Agreed on the no pleats, unless there's some extra heft. No pleats means no cuff.

Finally, since you're building a wardrobe, go with solids. One grey/charcoal, one navy. Solids are much more versatile, so you can get by for a while before branching out into stripes and patterns.

I used to sell suits. Hence the unnecessarily long response.


I disagree with the no pleats... While in slacks, pants, etc. pleats look awful, in suits they serve the distinct purpose of allowing you to sit comfortably. Also, good luck finding non-pleated pants with HSM, Hickey Freeman, etc...

CupOfJava
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Re: Suits (Clothing, not law)

Postby CupOfJava » Mon Mar 09, 2009 10:51 pm

So any tips for suits for women? I've never had to wear one for work, and am generally clueless with suit etiquette.

Skirt types? Pencil or A-line? Are pants OK? What about shoes, are flats acceptable?

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stevenr18
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Re: Suits (Clothing, not law)

Postby stevenr18 » Mon Mar 09, 2009 10:56 pm

vamedic03 wrote:
stevenr18 wrote:
betasteve wrote:
spondee wrote:/quote]

Is that true? What's wrong with black?

Black is reserved for evening and mourning.

OP - Stick with grey or navy. Both are equally versatile, and should serve you for some time. 2 or 3 button is a matter of preference. Pleats are a no-go unless you are carrying extra weight, then perhaps.


+1 to all of this. Center vs. side vent is also a matter of preference, but do not go ventless (as the GQ link says). You see ventless jackets a lot in TV shows and movies because it gives a better silhouette on camera, but in real life they're impractical - too much sitting, moving, etc.

Also, depending on your body type, you may not be able to buy off the rack. Most nested suits (pants and jacket together) come with pants 6" smaller than the jacket size (i.e. 42 jacket, 36 waist in the pants). If you're off either way, most stores sell separates. Frankly, unless your waist is exactly 6" smaller than your chest, separates are probably a good option since you can save some on tailoring.

Agreed on the no pleats, unless there's some extra heft. No pleats means no cuff.

Finally, since you're building a wardrobe, go with solids. One grey/charcoal, one navy. Solids are much more versatile, so you can get by for a while before branching out into stripes and patterns.

I used to sell suits. Hence the unnecessarily long response.


I disagree with the no pleats... While in slacks, pants, etc. pleats look awful, in suits they serve the distinct purpose of allowing you to sit comfortably. Also, good luck finding non-pleated pants with HSM, Hickey Freeman, etc...


Fair point. The pleats are more functional in a suit, and don't look bad at all, I just prefer the look of plain front pants. Then again, having worked at Jos. A. Bank, most of my pants are pleated. So, you know, maybe it's just a grass is greener situation.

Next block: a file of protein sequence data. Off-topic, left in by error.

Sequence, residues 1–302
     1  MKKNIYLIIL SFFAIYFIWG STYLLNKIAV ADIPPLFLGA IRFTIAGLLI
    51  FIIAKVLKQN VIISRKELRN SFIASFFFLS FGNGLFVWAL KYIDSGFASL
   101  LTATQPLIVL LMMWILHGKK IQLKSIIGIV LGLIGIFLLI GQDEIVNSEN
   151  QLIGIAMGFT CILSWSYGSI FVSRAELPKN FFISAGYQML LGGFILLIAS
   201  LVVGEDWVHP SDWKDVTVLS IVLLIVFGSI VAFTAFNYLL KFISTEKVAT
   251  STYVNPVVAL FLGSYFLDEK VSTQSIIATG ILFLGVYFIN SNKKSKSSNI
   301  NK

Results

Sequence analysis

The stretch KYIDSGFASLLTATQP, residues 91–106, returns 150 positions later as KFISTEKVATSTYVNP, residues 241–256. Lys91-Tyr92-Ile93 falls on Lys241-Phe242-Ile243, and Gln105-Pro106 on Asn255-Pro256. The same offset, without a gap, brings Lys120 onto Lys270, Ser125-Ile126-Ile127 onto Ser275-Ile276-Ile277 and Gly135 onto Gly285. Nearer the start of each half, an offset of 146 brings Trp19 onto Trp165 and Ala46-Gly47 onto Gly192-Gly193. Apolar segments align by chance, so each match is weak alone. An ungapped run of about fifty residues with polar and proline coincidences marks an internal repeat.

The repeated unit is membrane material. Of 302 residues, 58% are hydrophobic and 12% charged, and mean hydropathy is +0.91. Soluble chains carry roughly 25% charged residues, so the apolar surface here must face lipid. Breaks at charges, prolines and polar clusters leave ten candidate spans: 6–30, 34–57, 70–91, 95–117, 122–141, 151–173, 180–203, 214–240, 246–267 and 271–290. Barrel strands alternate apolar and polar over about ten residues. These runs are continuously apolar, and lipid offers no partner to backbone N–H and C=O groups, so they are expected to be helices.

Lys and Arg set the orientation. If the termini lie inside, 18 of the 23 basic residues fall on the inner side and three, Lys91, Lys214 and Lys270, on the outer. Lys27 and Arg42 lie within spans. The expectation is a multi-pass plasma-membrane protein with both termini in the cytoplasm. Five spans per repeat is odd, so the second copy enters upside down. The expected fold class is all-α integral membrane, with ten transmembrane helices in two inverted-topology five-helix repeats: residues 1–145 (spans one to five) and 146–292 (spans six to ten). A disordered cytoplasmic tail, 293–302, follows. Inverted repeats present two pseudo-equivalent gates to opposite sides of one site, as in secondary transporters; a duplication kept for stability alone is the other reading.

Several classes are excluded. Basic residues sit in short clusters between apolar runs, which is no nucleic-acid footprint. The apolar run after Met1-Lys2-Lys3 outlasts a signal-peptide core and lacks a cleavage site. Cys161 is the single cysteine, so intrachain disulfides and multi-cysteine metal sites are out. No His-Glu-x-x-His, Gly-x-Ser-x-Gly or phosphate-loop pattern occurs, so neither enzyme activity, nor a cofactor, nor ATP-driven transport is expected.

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youpiiz
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Re: Suits (Clothing, not law)

Postby youpiiz » Mon Mar 09, 2009 11:02 pm

.
Last edited by youpiiz on Mon Apr 27, 2009 8:03 am, edited 1 time in total.

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Dick Whitman
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Re: Suits (Clothing, not law)

Postby Dick Whitman » Mon Mar 09, 2009 11:10 pm

jrs12 wrote:Few random thoughts:

Don't go out and buy one right now unless you need it right now. Clothing markups are huge, so wait for a good sale. Get on a few mailing lists, and you'll be notified of half-yearly sales, and other good events.

The Brooks Brothers 1818 line is a nice, middle-of-the-road option. They're about $900 full retail, but you can easily get them on sale. They're widely available.



I'm a fan of the Brooks Brothers suits (along with most of the rest of their clothes). Get on the mailing list, and wait until they offer a two for one sale, then pick up a charcoal gray and a navy.

cakewalker
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Re: Suits (Clothing, not law)

Postby cakewalker » Mon Mar 09, 2009 11:17 pm

Dick Whitman wrote:I'm a fan of the Brooks Brothers suits (along with most of the rest of their clothes). Get on the mailing list, and wait until they offer a two for one sale, then pick up a charcoal gray and a navy.

Definitely agreed when it comes to Brooks Brothers suits. If you do decide Brooks Brothers, sign up for a Brooks Card when you buy multiple suits. They'll take an extra discount on this first purchase, even if there's another sale going on.

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kbigs
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Re: Suits (Clothing, not law)

Postby kbigs » Mon Mar 09, 2009 11:23 pm

jrs12 wrote:
The Brooks Brothers 1818 line is a nice, middle-of-the-road option. They're about $900 full retail, but you can easily get them on sale. They're widely available.



+1: Just got one from a brooks bros sample sale in NYC for $300.